“This self-destruction event is rare,” Olivier Hainaut of the European Southern Observatory, Germany, explained in a statement. Of the 800,000 asteroids in the belt between Mars and Jupiter, astronomers estimate that only one YORP disruption is seen per year.

But Hubble and other new telescopes are now able to view these wild asteroids as they disintegrate. “Active and unstable asteroids such as Gault are only now being detected by means of new survey telescopes that scan the entire sky,” Hainaut said, “which means asteroids such as Gault that are misbehaving cannot escape detection any more.”

Gault is important not only because it is rare to see a YORP event in action but also because it is believed to have a rotation period of two hours, which is right on the border of the speed required for the YORP effect to kick in. “Gault is the best ‘smoking-gun’ example of a fast rotator right at the two-hour limit,” lead author Jan Kleyna of the University of Hawaiʻi, confirmed in the statement. “It could have been on the brink of instability for 10 million years. Even a tiny disturbance, like a small impact from a pebble, might have triggered the recent outbursts.”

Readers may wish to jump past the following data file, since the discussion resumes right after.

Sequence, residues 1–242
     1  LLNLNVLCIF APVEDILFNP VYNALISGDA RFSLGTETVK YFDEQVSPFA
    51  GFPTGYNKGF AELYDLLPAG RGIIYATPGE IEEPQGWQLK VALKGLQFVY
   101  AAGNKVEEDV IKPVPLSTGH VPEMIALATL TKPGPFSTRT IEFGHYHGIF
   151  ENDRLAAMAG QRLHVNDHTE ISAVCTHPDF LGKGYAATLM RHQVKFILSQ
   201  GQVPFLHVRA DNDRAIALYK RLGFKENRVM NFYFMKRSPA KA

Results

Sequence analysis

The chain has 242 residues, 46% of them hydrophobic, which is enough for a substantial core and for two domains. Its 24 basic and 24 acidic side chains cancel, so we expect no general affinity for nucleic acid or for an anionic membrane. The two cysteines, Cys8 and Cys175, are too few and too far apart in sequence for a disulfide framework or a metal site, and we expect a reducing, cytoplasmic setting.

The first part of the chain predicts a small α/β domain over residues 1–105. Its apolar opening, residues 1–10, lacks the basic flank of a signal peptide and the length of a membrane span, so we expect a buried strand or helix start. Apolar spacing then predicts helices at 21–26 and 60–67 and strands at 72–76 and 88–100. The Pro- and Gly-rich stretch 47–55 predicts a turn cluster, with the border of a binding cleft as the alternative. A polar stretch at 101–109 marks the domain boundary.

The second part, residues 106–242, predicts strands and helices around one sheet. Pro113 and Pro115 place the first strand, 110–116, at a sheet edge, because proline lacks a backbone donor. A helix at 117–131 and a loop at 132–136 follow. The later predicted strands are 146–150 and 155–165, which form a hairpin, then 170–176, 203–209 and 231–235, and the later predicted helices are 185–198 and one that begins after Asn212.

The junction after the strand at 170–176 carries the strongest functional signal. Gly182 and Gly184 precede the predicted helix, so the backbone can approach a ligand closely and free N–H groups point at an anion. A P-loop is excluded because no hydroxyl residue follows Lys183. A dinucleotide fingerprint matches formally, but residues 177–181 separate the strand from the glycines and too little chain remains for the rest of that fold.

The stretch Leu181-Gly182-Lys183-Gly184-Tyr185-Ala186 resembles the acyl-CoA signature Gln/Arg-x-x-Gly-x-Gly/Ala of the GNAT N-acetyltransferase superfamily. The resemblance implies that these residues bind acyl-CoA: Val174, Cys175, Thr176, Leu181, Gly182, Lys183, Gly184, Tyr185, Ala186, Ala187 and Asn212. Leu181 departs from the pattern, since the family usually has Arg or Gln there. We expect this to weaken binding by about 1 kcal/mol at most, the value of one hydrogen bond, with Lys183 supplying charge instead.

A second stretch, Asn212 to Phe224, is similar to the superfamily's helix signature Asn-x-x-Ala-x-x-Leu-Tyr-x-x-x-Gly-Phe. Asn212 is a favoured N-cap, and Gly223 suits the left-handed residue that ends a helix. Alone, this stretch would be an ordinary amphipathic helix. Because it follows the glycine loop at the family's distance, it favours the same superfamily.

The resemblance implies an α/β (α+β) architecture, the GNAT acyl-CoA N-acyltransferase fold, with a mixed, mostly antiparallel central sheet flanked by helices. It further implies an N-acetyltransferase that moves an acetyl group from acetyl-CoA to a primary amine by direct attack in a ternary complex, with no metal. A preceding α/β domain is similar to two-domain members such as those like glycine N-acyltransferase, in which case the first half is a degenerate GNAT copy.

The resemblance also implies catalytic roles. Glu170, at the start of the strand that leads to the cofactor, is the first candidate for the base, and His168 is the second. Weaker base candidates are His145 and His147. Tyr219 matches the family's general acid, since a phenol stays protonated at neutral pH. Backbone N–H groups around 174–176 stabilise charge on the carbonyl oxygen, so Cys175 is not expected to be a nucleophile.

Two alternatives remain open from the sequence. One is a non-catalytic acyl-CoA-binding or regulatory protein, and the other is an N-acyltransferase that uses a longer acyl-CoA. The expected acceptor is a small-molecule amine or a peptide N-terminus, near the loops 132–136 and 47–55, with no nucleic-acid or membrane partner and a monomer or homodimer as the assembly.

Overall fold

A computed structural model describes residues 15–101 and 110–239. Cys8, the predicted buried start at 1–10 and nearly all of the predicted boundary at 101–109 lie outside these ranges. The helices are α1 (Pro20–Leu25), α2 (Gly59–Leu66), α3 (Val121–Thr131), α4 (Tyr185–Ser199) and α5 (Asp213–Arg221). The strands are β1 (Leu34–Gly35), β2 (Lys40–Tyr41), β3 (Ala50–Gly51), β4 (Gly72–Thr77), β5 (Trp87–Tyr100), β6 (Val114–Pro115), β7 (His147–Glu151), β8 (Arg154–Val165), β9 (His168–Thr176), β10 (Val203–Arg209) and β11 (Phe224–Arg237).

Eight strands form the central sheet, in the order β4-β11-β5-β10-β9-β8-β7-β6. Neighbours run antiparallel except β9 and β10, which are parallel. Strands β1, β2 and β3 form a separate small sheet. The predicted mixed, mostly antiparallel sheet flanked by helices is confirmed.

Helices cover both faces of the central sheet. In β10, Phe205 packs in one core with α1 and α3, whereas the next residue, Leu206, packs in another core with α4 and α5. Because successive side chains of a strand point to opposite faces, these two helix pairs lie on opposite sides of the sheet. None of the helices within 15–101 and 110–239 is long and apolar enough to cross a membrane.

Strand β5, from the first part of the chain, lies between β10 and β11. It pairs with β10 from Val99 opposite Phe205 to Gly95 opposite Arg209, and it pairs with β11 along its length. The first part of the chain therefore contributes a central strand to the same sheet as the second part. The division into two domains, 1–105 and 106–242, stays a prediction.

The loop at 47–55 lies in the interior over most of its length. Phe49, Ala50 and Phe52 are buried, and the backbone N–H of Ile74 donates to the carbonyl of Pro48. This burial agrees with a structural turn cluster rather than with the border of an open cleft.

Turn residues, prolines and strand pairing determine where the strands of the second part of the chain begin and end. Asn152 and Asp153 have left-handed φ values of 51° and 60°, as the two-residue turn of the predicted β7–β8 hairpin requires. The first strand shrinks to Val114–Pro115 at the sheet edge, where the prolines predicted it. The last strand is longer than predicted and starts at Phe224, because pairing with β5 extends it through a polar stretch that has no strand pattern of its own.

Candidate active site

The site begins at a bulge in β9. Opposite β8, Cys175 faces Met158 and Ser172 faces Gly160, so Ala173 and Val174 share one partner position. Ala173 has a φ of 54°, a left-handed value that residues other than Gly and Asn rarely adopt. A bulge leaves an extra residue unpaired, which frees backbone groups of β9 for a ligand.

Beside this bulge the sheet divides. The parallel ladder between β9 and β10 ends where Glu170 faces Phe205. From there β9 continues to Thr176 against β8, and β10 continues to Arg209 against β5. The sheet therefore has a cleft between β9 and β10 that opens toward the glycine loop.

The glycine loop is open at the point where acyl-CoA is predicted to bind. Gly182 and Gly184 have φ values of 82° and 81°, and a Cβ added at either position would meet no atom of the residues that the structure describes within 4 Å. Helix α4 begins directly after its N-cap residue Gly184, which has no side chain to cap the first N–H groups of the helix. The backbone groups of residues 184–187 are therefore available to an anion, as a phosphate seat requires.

One tiny pebble, eh?

The findings will be published in The Astrophysical Journal Letters.

Emerging Tech

Awesome Tech You Can’t Buy Yet: Robots that eat landmines and clean your floors

Check out our roundup of the best new crowdfunding projects and product announcements that hit the web this week. You may not be able to buy this stuff yet, but it's fun to gawk!
Emerging Tech

Gravitational forces at heart of Milky Way shaped this star cluster like a comet

Hubble has captured the stunning Messier 62 cluster. The cluster is warped, with a long tail which stretches out to form a shape like a comet. It is thought this distortion is due to Messier 62's proximity to the center of the galaxy.